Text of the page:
A successful omnichannel experience requires a great martech stack. Given the assortment of martech tools available today, what works best will depend on the company in question and their specific needs. However, there are some fundamental areas where every company should have tools that satisfy these needs. These include analytics, identity management (understanding who someone is on different devices), content curation, and content delivery and presentation.
Traditionally, omnichannel has been under the purview of marketing or IT executives. However, a separate group of stakeholders is emerging to begin driving this experience: the ever-growing Chief Digital Officer role.
Just like any digital initiative, a successful omnichannel strategy should be visible in revenue reports. Companies should prioritize metrics such as engagement, usage, customer satisfaction and NPS to determine the effectiveness of any omnichannel strategy.
The Future of Omnichannel
The proliferation of omnichannel will be impacted by various technical developments in the coming years. Currently, the driving forces behind it include adaptive presentation technologies. As such, developers are using frameworks such as React, Angular and Vue.js to create dynamic single web pages and progressive web applications to meet customer demands.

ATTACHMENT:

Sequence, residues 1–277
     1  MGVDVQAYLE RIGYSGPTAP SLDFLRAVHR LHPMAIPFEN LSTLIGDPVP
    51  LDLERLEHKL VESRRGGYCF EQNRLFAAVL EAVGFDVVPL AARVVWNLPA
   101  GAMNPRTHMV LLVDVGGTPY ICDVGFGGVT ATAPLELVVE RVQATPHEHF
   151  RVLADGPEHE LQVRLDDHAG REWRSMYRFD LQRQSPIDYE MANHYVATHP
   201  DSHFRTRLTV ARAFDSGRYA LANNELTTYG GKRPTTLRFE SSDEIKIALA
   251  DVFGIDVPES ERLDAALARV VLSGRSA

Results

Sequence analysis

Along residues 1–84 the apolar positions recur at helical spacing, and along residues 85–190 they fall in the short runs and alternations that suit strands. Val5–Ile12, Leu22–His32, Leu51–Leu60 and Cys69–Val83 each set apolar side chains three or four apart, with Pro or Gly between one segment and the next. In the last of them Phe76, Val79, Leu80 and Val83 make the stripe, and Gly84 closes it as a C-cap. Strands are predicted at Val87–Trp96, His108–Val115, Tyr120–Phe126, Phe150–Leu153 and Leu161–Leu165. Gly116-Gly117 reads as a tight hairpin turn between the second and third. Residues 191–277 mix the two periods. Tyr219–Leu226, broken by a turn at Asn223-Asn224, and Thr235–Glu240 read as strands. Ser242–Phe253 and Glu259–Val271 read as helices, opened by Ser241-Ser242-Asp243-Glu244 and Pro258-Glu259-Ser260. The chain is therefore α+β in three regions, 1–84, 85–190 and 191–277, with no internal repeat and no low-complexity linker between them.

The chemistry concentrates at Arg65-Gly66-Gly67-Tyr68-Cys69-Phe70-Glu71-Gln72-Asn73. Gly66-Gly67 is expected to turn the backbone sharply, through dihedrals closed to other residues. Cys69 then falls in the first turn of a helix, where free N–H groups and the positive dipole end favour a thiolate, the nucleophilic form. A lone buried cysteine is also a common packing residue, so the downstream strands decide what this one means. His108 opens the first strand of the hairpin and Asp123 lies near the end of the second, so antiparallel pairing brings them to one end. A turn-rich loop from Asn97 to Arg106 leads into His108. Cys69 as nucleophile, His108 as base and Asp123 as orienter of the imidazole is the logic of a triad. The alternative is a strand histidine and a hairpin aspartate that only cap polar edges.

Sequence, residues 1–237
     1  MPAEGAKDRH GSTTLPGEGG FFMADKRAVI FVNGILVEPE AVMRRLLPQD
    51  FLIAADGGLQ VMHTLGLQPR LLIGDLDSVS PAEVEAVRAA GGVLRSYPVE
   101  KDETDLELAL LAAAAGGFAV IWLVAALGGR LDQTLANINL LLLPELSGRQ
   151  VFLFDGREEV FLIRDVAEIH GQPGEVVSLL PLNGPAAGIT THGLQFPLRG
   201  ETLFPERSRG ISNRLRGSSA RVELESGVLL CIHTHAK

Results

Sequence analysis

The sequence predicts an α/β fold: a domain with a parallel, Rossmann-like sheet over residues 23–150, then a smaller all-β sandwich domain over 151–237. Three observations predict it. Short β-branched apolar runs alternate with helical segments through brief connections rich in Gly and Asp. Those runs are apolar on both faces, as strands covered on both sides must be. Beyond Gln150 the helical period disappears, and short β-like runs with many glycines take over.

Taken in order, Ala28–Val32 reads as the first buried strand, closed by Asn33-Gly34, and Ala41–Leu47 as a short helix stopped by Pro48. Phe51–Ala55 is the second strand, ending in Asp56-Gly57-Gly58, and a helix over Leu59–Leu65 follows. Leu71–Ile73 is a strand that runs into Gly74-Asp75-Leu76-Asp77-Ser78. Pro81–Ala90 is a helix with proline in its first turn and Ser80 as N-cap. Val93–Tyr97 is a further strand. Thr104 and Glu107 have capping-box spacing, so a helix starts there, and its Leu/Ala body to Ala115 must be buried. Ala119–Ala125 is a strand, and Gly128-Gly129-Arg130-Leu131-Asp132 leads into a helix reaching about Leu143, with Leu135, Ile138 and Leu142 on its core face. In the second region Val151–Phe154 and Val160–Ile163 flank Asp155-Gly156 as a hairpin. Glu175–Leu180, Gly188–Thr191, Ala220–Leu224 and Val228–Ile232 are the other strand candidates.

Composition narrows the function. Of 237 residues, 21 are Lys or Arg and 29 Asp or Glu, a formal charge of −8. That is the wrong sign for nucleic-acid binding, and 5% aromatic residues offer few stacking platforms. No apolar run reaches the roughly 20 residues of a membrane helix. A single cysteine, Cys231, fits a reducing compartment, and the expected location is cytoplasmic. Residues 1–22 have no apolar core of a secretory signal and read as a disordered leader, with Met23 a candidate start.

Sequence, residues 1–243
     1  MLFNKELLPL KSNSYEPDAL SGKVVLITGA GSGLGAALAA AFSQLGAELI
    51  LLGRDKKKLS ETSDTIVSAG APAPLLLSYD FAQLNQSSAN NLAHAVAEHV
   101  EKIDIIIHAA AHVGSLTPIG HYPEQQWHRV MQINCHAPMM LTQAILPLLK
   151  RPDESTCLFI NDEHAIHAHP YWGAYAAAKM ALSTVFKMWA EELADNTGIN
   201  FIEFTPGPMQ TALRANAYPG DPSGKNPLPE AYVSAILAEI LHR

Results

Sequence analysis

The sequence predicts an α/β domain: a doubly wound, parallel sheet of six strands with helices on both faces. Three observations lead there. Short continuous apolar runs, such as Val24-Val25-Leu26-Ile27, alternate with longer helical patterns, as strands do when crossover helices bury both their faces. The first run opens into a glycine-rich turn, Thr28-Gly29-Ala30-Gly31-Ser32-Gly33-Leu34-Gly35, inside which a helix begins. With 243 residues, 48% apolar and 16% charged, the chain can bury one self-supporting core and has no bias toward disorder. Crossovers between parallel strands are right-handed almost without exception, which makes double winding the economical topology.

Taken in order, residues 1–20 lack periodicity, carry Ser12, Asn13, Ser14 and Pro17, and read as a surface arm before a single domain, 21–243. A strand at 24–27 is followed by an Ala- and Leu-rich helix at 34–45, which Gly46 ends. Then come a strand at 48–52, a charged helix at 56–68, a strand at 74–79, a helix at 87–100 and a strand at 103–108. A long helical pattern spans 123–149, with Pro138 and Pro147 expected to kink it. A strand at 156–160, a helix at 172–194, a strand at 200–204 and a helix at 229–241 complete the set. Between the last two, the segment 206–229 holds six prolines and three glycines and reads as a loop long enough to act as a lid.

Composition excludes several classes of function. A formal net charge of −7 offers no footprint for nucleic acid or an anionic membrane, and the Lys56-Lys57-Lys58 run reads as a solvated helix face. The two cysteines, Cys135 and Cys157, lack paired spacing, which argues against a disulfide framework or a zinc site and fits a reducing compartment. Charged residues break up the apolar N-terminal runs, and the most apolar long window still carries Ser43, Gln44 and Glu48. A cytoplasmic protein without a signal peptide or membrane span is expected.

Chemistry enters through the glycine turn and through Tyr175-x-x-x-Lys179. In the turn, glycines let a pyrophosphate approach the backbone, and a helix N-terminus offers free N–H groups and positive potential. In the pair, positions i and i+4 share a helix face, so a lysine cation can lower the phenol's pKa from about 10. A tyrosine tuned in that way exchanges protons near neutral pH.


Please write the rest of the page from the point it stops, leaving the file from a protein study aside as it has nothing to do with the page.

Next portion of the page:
Additionally, the rise of design systems and design thinking mean that companies are thinking more and more about the user experience and how technologies will impact consumers. The future of omnichannel will continue to see the user placed first and the experience built around their needs.
Organizations will rely on people with a system thinking approach to help drive themselves forward, including persons who use data and analytics in both a predictive and prescriptive way.
The slew of information will also require copywriters and UX writers who can create and structure content for different channels. Much of the content today is designed for the web or mobile. However, with audio interfaces such as Alexa and Google Home, organizations need to start thinking about semantics and how content can be adapted for different channels as well as how to manage it. There needs to be a holistic approach to know where customers are going to be, how to deliver the correct information and how to make them successful.
Companies that feel they are falling behind because they don’t have a well-managed digital experience platform shouldn’t worry yet. At this point, the best approach is to analyze how they can sensibly think about omnichannel, and how they should be managing their content and setting their foundations.
There is no finish line when it comes to omnichannel. Now is the best time to prepare strategically for what lies ahead. Omnichannel will be a core part of everyone’s user experience or product design practice. Companies can look at various channels separately but need to understand the experience and how to personalize it for their users.
To survive in the future of omnichannel, organizations need to start thinking about their content services, including content structure, content architecture, content variations and metadata. Magnolia CMS is capable of solving many of these problems and provides a next-generation content hub for integrated experiences on the web and all your channels. Companies can manage all of their content effectively while providing customers with the personalization and optimized experience they demand.